Phone system for deaf OK'd Board assured surcharge will be reduced soon.

September 05, 1991|By William Thompson | William Thompson,Evening Sun Staff

After getting assurances that an initial 45-cent monthly surcharge on individual phone bills will be reduced soon, the Board of Public Works approved a $32.7 million contract setting up the first statewide telecommunications system for the Maryland's 350,000 hearing- and speech-impaired residents.

The approval drew smiles and applause from several dozen deaf people who followed the board's action yesterday in Annapolis by watching a sign language translator.

Using a sophisticated telephone and computer package known as Telecommunications Relay Services (TRS), the system will make it possible for deaf people to "talk" by telephone with almost the same ease as those without speech and hearing problems.

Beginning in December, deaf people whose phones are equipped with a teleprinter can call the new service and send printed messages to an operator. The operator will contact the person being called and relay messages back and forth, speaking to the hearing person by phone and sending printed messagesto the deaf person.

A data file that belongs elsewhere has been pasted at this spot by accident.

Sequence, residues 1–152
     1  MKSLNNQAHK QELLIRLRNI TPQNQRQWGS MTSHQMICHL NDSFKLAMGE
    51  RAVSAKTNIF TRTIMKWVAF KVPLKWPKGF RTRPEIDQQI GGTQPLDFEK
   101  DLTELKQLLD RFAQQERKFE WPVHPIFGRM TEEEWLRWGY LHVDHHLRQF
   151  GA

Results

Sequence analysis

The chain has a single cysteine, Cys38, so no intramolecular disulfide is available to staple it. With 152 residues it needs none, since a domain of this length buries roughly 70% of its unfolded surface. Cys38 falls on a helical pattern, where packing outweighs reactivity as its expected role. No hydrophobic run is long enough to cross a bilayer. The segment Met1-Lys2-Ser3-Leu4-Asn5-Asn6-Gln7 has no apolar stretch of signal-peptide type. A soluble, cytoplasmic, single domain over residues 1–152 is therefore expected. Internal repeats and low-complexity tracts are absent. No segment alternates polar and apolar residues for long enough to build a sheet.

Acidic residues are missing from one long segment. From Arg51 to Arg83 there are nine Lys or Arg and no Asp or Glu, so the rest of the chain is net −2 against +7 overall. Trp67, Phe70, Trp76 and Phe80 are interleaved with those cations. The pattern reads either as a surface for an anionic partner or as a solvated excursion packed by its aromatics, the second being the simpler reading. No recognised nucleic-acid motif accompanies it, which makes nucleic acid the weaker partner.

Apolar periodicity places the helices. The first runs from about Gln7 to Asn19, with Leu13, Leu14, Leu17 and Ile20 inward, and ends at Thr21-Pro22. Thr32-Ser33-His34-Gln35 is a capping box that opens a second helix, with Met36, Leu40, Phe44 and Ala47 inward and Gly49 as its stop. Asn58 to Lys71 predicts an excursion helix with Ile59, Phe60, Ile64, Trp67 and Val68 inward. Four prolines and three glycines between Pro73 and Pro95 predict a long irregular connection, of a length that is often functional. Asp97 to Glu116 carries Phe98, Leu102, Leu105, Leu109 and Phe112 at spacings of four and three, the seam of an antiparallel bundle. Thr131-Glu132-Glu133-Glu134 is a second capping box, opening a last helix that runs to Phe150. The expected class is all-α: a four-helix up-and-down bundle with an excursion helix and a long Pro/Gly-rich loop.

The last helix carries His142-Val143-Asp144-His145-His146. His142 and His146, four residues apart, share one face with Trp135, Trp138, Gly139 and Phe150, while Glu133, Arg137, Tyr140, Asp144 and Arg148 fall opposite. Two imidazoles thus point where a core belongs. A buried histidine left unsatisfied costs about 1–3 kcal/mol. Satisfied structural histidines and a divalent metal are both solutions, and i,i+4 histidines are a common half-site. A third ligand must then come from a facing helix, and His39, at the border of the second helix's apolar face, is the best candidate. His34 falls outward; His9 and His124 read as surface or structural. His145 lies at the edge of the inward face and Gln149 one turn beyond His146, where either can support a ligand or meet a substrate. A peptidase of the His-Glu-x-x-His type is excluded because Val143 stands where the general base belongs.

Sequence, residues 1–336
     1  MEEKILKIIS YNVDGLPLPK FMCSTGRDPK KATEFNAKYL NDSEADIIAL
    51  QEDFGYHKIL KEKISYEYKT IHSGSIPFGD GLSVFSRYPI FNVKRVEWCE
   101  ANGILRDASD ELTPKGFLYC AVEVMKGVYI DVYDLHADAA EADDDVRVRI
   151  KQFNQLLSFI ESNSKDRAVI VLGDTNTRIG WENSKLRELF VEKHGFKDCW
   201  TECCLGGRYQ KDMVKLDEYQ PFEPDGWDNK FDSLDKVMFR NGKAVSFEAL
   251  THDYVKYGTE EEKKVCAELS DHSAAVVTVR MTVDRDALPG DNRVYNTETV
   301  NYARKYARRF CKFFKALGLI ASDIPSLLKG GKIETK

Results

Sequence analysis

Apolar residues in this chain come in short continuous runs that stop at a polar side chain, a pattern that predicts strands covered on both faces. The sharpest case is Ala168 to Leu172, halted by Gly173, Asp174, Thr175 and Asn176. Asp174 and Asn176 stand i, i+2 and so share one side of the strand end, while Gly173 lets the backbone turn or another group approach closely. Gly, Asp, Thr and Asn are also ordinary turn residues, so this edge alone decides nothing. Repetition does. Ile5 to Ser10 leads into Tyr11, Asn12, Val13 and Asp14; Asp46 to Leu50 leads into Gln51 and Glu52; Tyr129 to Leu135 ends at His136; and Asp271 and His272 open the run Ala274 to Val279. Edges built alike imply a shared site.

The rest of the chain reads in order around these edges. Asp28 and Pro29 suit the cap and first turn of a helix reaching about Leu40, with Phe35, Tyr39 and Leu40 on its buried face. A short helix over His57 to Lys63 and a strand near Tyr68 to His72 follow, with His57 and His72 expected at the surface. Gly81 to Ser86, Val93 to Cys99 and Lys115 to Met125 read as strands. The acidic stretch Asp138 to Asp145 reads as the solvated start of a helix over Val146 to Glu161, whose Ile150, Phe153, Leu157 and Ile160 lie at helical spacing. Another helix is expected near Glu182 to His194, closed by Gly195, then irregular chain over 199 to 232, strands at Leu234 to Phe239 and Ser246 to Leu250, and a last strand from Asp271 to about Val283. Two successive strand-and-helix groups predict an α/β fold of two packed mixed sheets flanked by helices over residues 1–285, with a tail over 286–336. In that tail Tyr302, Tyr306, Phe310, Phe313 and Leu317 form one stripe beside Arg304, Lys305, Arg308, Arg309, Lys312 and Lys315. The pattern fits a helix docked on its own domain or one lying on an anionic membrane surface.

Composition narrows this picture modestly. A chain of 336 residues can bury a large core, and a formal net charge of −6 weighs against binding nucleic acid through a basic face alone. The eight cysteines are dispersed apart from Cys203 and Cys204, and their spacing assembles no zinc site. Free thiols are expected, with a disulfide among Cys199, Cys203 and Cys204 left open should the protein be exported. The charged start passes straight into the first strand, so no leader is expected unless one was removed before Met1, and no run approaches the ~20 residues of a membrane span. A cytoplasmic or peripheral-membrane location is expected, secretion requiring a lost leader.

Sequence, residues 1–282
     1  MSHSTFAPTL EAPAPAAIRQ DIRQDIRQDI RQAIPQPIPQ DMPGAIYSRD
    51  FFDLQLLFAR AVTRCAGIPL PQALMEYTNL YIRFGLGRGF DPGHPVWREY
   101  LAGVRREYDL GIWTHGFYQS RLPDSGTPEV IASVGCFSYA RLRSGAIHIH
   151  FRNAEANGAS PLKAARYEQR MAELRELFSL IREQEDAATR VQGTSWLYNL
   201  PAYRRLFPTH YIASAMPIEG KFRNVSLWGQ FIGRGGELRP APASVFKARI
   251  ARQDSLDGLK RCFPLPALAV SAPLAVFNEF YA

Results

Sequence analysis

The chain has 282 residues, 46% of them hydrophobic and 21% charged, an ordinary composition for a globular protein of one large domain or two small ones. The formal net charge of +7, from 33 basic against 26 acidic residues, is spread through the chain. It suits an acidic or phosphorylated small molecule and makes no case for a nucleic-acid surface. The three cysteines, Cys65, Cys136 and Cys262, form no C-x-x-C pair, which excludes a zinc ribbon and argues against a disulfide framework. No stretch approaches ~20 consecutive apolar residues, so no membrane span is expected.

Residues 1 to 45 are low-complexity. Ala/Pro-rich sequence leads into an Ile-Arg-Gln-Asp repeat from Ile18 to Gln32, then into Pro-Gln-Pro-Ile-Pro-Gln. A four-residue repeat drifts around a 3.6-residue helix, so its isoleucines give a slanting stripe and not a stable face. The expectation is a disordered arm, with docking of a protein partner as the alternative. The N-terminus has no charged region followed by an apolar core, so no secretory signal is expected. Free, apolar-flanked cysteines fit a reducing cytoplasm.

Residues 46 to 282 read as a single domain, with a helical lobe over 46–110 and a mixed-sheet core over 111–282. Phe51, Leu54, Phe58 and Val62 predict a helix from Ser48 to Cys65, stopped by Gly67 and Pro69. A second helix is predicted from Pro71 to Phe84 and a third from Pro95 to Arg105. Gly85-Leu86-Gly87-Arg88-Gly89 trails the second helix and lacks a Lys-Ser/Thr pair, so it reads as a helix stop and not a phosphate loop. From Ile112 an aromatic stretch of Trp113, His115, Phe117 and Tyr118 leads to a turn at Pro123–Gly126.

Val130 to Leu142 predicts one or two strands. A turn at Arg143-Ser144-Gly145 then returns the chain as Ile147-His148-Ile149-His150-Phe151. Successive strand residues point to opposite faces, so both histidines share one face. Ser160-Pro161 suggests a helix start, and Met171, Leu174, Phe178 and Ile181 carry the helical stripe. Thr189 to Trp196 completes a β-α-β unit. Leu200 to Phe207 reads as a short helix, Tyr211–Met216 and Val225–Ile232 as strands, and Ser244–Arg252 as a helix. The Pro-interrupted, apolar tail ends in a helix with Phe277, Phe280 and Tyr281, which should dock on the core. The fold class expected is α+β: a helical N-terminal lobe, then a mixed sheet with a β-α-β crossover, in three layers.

By federal law, states are required to set up such phone systems as part of a 1990 initiative to make phone service universally available to the nation's deaf and hearing-impaired population.

"I, as a deaf person, cannot call you. You cannot call me," said Michael Moore, chairman of the governor's telecommunications advisory board and a professor at Gallaudet College. "That's what it's all about -- equal access."

The three-year contract was awarded to Kansas-based Sprint Services, which received the highest technical and price evaluation scores. Only one other firm, AT&T of New Jersey, submitted a bid.

Maryland lawmakers passed TRS-related legislation this year and gave the state Public Service Commission authority to charge individual phone users up to 45 cents a month to pay for it.

When the PSC decided to add the entire 45-cent surcharge to monthly bills, it got more than 1,000 complaints from customers who were unfamiliar with the TRS program or thought the fee was too high.

Opponents of the maximum surcharge were joined by the Maryland Association of the Deaf, which said charging the full relay costs to all telephone users was unfair. At 45 cents per line, Maryland's charge is as much as 15 times higher than other states'. Pennsylvania, for example, charges three cents per line.

Sensitive to the complaints, Martin W. Walsh, the state's secretary of general services, said the monthly surcharge should drop to 31 cents by next January after start-up costs are paid. The surcharge generates about $1.1 million each month for the TRS fund.

Walsh said Marylanders could see the surcharge dip as low as 18 cents a month later if demand for the system falls below anticipated levels.

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